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Sochi discard Fischbacher wins Crans-Montana downhill

Andrea Fischbacher of Austria celebrates winning the women's FIS Alpine Skiing World Cup Downhill race on her way to the podium in the Swiss
Andrea Fischbacher of Austria celebrates winning the women's FIS Alpine Skiing World Cup Downhill race on her way to the podium in the Swiss

By Manuele Lang

CRANS-MONTANA, Switzerland (Reuters) - Austrian Andrea Fischbacher beat Sochi gold medalists Anna Fenninger and Tina Maze to win the World Cup downhill in Crans-Montana on Sunday, in the process winning her first race for four years.

Fischbacher, in the first race since the Sochi Games, clocked one minute 34.00 seconds to win her first race since becoming Super-G Olympic champion at the Vancouver Winter Games in 2010.

Fellow Austrian Fenninger finished 0.15 seconds behind with Maze third, a further 0.32 seconds adrift.

The 28-year-old Fischbacher's lack of form since then culminated in her failure to make the Austrian Olympic Team to defend her title in Sochi. In her absence, Fenninger won super-G gold while Maze won both the downhill and giant slalom.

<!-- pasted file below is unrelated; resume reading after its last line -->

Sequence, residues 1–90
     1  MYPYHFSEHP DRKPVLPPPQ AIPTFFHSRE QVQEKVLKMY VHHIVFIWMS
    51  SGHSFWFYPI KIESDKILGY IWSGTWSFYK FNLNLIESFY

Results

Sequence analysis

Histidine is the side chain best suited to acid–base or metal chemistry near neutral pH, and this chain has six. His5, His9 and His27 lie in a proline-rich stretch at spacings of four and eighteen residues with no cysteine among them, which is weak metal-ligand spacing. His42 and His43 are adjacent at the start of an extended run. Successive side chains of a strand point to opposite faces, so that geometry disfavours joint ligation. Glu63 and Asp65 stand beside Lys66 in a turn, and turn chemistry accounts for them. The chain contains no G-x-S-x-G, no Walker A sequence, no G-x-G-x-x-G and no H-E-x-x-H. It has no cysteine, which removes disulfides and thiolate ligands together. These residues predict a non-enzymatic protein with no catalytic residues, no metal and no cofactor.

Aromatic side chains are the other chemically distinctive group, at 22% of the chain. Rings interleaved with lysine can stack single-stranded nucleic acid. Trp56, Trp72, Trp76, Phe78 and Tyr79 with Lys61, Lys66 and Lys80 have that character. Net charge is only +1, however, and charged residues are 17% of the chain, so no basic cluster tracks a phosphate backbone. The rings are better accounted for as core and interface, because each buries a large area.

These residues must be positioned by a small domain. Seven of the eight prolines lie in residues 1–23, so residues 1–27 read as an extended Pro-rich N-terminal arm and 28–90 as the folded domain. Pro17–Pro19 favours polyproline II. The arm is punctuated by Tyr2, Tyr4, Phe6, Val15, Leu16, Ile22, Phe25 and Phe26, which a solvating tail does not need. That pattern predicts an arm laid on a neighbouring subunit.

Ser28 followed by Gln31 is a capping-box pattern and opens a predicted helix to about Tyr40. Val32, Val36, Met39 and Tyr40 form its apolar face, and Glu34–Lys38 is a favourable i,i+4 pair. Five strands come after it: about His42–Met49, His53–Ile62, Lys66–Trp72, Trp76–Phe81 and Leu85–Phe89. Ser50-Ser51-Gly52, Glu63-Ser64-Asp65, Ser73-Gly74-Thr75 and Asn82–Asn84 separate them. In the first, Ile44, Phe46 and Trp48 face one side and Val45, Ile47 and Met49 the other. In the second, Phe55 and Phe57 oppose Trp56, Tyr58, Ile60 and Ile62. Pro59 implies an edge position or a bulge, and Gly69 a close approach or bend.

"I often considered retiring from the circuit in the last few years for nothing was easy for me. But I always believed I could make it back on the podium after all those years. But a victory is more than I was hoping for," Fischbacher said.

"Life is funny at times when you think that I could not qualify for Sochi.

"When I saw I was not going to join the party, I told myself to stay positive and do what I do best, that is train and work hard."

The race was rescheduled and delayed twice as overnight snow and thick fog threatened to cancel it altogether.

"I didn't think. I let my skis do the job. It was a hard course and a demanding race. I nearly went out near the bottom. But it's just a fantastic day," she added.

Since her Olympic glory of 2010, a year that saw her crowned Austrian sportswoman of the year, "Fischi" has been plagued by back injuries and self doubt but Sunday's result could prove a turning point.

"I was feeling good in the last few weeks. I felt in training that something was happening. But to win...it's a strange feeling, very hard to describe."

Local favorite Lara Gut, who had clocked the fastest times in training, was forced out of the race to undergo medical checks on an injured right knee.

(Reporting by Manuele Lang; Editing by Tom Hayward)

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